“We are using Dr. David Haskell’s book, “The Forest Unseen: A Year’s Watch in Nature,” as one of our texts for the ecology, botany and animal survey units,” said Brad Waguespack, biology teacher at Pell City High School. “The book is beautifully written, integrating complex scientific ideas with cultural concepts all found within our local forest.”
Pell City High principal Dr. Tony Dowdy said all the honors biology classes, approximately 125 students, were able to attend Haskell’s presentation.
“I think this will give greater meaning to the book and greater insight into what the students are reading,” he said. “It takes what they are studying in class and brings it to life.”
Haskell, a professor of biology at University of the South in Sewanee, Tenn., said the basis for his book was to take a mandala, or small patch of forest, and learn from it, then tell the stories of the forest in a manner everyone can understand.
“My forest mandala was a circular area about the size of a small dining room table,” he said. “I spent hundreds of hours over a one-year period observing it. We need to understand those species, which go largely unseen by the world, to understand the world. Knowing the stories enriched my life.”
Haskell said learning about his one-square-meter mandala is similar to getting to know the town you live in better.
“I learned that the world is ruled by the inconspicuous things,” he said. “I saw the world in a different way — it is not dominated by the big things such as humans, deer, trees. We are the hood ornaments of life — the engine underneath is the small creatures.”
Haskell said he went to the woods to sit down, shut up and learn.
“I learned lots of stories,” he said. “I realized what an incredibly beautiful world we live in. I also learned about the crushing sense of brokenness that cohabits with that beauty.”
Several students asked questions about the book and asked for advice on how to do a similar study.
“I still visit the mandala,” Haskell said in answer to a student’s question. “I also observe other areas regularly to see what is there. For me, focusing on a particular area is like forming a friendship. It gives ground for deeper understanding the more often you interact.”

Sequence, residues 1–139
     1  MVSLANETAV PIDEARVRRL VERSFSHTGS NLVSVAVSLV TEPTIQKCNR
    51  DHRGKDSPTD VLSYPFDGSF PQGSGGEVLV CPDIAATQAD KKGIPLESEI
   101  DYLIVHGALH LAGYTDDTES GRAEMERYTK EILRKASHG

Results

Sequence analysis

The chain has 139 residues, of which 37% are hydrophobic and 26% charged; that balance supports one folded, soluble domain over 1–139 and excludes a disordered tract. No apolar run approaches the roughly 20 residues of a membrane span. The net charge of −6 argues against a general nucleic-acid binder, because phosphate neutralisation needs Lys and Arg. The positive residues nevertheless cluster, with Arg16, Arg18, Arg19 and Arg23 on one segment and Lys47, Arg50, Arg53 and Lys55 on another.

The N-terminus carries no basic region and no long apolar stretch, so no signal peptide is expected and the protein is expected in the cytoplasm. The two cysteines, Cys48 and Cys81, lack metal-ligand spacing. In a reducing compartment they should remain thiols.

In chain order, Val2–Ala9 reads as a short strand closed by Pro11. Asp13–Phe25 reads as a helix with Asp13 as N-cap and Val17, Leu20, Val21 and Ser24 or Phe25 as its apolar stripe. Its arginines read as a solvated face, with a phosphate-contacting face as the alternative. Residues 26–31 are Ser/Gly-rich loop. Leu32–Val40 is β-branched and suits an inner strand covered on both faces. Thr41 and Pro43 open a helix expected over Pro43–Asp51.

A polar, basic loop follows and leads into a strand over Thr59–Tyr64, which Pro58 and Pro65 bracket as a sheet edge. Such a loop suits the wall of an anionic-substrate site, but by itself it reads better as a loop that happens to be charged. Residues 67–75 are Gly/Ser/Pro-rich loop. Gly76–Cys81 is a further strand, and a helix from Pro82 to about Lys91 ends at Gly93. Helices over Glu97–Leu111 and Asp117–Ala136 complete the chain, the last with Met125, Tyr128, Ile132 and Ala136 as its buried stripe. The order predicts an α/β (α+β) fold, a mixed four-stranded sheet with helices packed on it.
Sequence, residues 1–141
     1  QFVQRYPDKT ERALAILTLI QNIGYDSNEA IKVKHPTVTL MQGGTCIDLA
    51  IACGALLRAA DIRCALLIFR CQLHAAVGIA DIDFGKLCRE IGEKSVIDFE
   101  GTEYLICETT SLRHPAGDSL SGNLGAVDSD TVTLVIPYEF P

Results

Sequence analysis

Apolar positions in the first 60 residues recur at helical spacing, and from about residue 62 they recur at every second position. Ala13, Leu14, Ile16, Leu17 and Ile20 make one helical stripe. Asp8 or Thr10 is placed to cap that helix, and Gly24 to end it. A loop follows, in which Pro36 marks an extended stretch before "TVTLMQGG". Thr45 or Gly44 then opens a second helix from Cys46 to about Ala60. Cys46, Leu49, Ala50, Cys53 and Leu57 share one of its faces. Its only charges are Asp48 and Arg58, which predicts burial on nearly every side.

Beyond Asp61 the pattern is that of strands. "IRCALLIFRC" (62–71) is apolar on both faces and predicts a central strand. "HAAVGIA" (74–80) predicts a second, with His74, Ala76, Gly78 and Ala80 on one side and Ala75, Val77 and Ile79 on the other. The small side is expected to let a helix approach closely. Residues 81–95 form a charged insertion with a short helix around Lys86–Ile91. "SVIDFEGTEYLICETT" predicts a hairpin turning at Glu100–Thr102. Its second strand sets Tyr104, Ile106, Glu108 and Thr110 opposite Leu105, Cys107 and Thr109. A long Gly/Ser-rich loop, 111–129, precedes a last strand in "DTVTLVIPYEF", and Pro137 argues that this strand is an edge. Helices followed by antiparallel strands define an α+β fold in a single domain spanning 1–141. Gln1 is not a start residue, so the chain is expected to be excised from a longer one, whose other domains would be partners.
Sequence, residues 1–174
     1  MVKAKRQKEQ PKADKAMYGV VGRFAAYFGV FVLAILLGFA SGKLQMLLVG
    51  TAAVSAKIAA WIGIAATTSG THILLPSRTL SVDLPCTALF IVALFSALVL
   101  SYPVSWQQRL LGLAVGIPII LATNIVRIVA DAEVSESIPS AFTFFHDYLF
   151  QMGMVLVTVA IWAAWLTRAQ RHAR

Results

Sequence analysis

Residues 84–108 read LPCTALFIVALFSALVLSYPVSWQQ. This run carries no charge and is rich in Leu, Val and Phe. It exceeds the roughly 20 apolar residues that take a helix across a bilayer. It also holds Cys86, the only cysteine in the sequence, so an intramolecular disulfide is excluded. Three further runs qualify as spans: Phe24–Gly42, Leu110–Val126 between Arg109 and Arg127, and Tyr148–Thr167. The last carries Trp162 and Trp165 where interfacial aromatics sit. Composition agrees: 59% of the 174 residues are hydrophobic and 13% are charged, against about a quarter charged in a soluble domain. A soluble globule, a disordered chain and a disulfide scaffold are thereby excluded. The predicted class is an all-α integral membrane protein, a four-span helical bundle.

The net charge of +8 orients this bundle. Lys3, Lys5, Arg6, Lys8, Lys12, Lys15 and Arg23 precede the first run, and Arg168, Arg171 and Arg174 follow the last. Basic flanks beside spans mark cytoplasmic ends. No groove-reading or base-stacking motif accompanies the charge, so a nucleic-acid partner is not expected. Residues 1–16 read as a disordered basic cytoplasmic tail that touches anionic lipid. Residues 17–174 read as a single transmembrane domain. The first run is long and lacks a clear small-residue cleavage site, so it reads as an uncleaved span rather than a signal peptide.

Haskell encouraged the students to find a mandala near their home.
“It can be a tree or a flock of birds,” he said. “The key is to repeatedly engage with one thing or entity. You want to pick something fairly easy to get to. Also, get a hand lens for three- or five-times magnification to get up close and look at the incredible things you can’t see with the naked eye.”
Haskell said being nominated for a Pulitzer has opened doors for him.
“For me, it is a very profound honor and it has encouraged me to think of what to do next,” he said.
Haskell said he conducted a lot of research about things seen in his mandala, but focused the book on folks who have a curiosity about how the world works but are not specialists in the fields of ecology or biology.
“I wanted to take the richness and make it available for people who want to take a walk in the woods and understand,” he said.
Pell City Schools Superintendent Dr. Michael Barber said Haskell’s presentation was the most exciting thing he has seen in education in a while.
“Seeing this many students so excited about connecting what they are reading in class to the author—I think this has really impacted how they see the world,” he said. “I think they have a deeper appreciation of the world around them. Through the students’ questions, I think it has sparked some curiosity and interest to go out and experience their world in a similar manner. I commend Mr. Waguespack for bringing this opportunity and experience to the students and thank Dr. Haskell for coming and sharing with us.”
Contact Elsie Hodnett at email@example.com.